Sunday, June 30, 2002
New York It is the steamiest June weekend in Manhattan in years, with temperatures in Central Park skulking into the mid-90s. Will Smith, of course, breaks no sweat.
And forget Mama's advice about light colors in the heat: Smith's wearing head-to-toe black ï¿½ as in "Men In" ï¿½ broken up only by the big gold interlocking G's on the buckle of a Gucci belt that costs more than you make in a month, and by a pair of silver dog tags.
"One has the name of my boys," said Smith, fingering the necklace, "and the other one's my girls. Jada gave it to me on Father's Day last year."
The boys would be Trey ï¿½ Willard Smith III, age 10, born to Smith and his first wife, Sheree Zampino ï¿½ and Jaden, almost 4. The girls would be his daughter Willow, 2, and Smith's wife, Jada Pinkett-Smith, mother of Jaden and Willow.
Willow and Jaden had to stay home, but Trey was allowed to accompany the Smiths to a screening of "MIIB: Men in Black II" a few days earlier, and Smith figured Trey's glowing review was the only one that mattered.
"If you can impress your own kid," Smith said, "the rest is pretty much gravy."
To some, it may seem like the last decade of Smith's life has been gravy, and with "MIIB: Men in Black II," which opens Wednesday for the Fourth of July holiday weekend, he looks to have fallen into the gravy bowl.
Though 1997's "Men in Black" made more than $600 million worldwide, standing as Columbia Pictures' most successful film until "Spider-Man," Smith reportedly was paid about $5 million and had none of the all-important back end, a percentage of the eventual gross.
For the sequel, Smith, 33, is rumored to get $20 million ï¿½ still a few bucks shy of the $25 million per picture now being commanded by Mel Gibson and Tom Cruise, but director Barry Sonnenfeld says Smith's back-end deal could amount to even more than the actual paycheck.
"Basically, to make the deal, Steven had to give up some of his slice," says Sonnenfeld of the film's executive producer, Steven Spielberg. "There's still the potential for everybody to make a lot of money ï¿½ unless, of course, I screwed up, which is always possible."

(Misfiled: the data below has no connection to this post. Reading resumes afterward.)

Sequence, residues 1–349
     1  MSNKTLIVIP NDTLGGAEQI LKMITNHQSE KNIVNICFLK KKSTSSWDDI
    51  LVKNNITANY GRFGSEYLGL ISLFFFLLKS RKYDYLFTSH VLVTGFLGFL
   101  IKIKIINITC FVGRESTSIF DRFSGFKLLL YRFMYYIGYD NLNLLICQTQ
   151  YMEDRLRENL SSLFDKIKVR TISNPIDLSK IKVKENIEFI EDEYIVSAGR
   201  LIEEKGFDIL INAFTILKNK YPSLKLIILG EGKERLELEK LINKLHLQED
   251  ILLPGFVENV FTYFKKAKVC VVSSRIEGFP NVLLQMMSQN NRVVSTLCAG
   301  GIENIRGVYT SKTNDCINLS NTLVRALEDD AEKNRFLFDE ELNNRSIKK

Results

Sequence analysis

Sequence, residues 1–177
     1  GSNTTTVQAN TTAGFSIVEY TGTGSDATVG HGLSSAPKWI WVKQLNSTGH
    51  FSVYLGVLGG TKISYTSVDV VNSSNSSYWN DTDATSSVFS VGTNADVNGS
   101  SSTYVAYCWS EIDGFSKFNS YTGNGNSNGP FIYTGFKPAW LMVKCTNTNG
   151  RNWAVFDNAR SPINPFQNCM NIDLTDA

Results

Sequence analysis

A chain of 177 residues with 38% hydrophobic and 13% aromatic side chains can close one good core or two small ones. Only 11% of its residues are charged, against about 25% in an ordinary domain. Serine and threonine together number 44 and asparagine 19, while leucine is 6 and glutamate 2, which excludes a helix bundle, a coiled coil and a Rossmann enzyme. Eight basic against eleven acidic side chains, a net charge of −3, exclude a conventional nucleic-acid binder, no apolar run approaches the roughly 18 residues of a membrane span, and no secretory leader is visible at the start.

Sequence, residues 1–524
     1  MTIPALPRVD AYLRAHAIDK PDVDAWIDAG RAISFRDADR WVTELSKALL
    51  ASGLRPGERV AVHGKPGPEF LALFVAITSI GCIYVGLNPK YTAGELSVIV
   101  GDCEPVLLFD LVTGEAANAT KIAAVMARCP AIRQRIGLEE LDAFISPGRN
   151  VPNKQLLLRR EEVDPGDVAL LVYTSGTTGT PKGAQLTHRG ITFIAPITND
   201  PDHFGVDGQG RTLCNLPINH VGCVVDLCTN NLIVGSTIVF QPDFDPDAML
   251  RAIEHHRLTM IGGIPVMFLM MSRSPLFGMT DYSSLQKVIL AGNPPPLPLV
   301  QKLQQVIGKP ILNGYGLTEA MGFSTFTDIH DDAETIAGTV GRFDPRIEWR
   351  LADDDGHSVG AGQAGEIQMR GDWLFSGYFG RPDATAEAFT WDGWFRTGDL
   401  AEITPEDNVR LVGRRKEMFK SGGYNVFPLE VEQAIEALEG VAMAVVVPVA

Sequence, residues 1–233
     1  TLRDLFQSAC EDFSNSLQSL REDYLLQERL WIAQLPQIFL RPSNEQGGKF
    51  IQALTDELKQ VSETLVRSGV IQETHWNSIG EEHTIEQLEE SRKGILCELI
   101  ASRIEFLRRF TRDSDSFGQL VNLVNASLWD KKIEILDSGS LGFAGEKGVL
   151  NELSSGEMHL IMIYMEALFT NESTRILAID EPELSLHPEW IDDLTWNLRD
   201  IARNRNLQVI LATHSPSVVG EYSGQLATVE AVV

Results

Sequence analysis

Even as Smith attempted to make the case that making the sequel was never about the payday, he displayed a bigger grin than usual, which means it threatened to crowd the furniture out of his Manhattan hotel suite. Grabbing some pillows from another couch and stretching out in a pose not dissimilar to the one affected for the cover of his brand-new CD "Born to Reign," Smith maintained that his doing the sequel was always dependent on a "script that could stand with the first one and being able to get everyone together in one place at one time."
Teamwork is key
"We're a team," said Smith of himself and co-star Tommy Lee Jones, who play secret agent alien-hunters, and Sonnenfeld. "And with us all pretty successful, it's hard to pin us all down at the same time. I think we're pretty lucky, really, that there seemed to always be a demand for a sequel, you know? Even a lot of good movies, when the sequel doesn't come out pretty quick, you kind of forget about it. The fact that everybody still wanted this to happen made us want to make it happen."
For his part, Sonnenfeld said he would have never done it without Smith, "because him and Tommy are the guys." To prove the point, the film begins with Smith's character, Agent Jay, paired with a new partner. Jones' Agent Kay, you may remember, left the agency at the end of the first film, his memory of all things alien erased, or neuralized.
To save the planet yet again, this time from an evil invader disguised as a Victoria's Secret model (Lara Flynn Boyle), Jay has to unneuralize Kay, now employed as a small-town postal clerk.
"There's just something about me and Tommy Lee together that clicks, and it goes beyond the obvious thing of us being so different," said Smith, in the understatement of at least a century. While Smith is so endearingly playful he could probably turn a Taliban member on to hip-hop, Jones is known for being professionally all business and personally disagreeable.
Smith said that Jones simply had no use for the glad-hand side of showbiz and that he was actually "a very funny dude." As evidence, he pointed to a scene in "MIIB" that he said "I know everybody is going to give me the credit for." It has rapper Biz Markie playing an angry alien and Agent Kay communicating with him by beatboxing ï¿½ the human-turntable-throat vocal rhythm technique Biz Markie is known for.
"Tommy said, 'Will, you know that mouth-beat thing you do? Wouldn't it be funny if that was really an alien language?' I thought, 'Oh, yeah,' and I went straight to Barry, who loved it, and we filmed it, and now it gets one of the biggest laughs in the film."